Symptoms of gallstones are often called a gallstone "attack" because they occur suddenly. A typical attack can cause severe sharp pain in the upper abdomen that radiates to the back between the shoulder blades, increases rapidly, and lasts from 30 minutes to several hours. This is also often accompanied by waves of nausea and vomiting. Such symptoms often follow fatty meals.  Danger signs of a life-threatening gallbladder attack can include severe, unremitting pain, sweating, chills, fever, jaundice, or whitish stools. These can indicate blockage of a bile duct or gallblabber with development of possible infection, and require emergency attention.  Of course, with any question regarding your health, you should consult your doctor or other health care professional right away.

Many tests are available to help with the diagnosis of gallbladder and gallstone disease. In a cholecystogram or cholescintigraphy, the patient is injected with a special iodine dye, and x-rays are taken of the gallbladder over a period of time. (Some people swallow iodine pills the night before the x-ray.) The test shows the movement of the gallbladder and any obstruction of the cystic duct. In endoscopic retrograde cholangiopancreatography (ERCP), the patient swallows an endoscope—a long, flexible, lighted tube connected to a computer and TV monitor. The doctor guides the endoscope through the stomach and into the small intestine. The doctor then injects a special dye that temporarily stains the ducts in the biliary system. ERCP is used to locate stones in the gallbladder and bile ducts, and in many cases can be used to remove small to moderate sized stones from the bile duct system. Blood tests may be used to look for signs of infection, obstruction, pancreatitis, or jaundice.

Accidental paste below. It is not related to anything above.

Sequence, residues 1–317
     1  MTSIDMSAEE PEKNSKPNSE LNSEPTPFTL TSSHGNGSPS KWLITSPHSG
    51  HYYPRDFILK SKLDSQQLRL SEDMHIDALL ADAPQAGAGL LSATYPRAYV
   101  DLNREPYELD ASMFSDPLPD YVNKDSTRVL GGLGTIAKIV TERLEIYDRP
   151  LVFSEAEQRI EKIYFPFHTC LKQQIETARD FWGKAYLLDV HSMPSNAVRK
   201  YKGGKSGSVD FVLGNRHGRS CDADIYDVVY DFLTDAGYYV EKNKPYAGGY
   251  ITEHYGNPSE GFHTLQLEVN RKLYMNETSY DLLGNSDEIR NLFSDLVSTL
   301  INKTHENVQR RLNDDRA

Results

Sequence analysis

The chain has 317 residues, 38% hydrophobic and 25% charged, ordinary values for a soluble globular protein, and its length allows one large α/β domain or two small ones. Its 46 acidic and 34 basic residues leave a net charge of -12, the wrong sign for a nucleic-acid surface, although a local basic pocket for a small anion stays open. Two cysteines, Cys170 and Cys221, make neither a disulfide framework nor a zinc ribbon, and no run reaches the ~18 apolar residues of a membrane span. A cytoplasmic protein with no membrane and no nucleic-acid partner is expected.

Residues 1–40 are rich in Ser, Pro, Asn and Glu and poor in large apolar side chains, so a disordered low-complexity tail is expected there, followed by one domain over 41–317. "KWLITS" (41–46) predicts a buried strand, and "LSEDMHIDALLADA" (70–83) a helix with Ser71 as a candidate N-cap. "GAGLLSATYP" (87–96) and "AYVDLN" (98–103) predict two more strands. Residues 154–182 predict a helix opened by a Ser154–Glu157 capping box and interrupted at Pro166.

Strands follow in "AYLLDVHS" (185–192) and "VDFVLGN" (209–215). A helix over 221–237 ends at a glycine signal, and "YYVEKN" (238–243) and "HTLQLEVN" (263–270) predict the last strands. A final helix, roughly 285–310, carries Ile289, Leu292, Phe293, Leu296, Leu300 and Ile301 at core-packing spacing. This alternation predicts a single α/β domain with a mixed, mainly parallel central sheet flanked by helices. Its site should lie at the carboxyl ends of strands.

How are gallstone diseases treated?

Surgery to remove the gallbladder is the most common way to treat symptomatic gallstones. (Asymptomatic gallstones usually do not need treatment.) Each year more than 500,000 Americans have gallbladder surgery. The surgery is called cholecystectomy.  The standard surgery is called laparoscopic cholecystectomy. For this operation, the surgeon makes several tiny incisions in the abdomen and inserts surgical instruments and a miniature video camera into the abdomen. The camera sends a magnified image from inside the body to a video monitor, giving the surgeon a closeup view of the organs and tissues. While watching the monitor, the surgeon uses the instruments to carefully separate the gallbladder from the liver, ducts, and other structures. Then the cystic duct is cut and the gallbladder removed through one of the small incisions.  Because the abdominal muscles are not cut during laparoscopic surgery, patients have less pain and fewer complications than they would have had after surgery using a large incision across the abdomen. Recovery usually involves only one night in the hospital, followed by several days of restricted activity at home.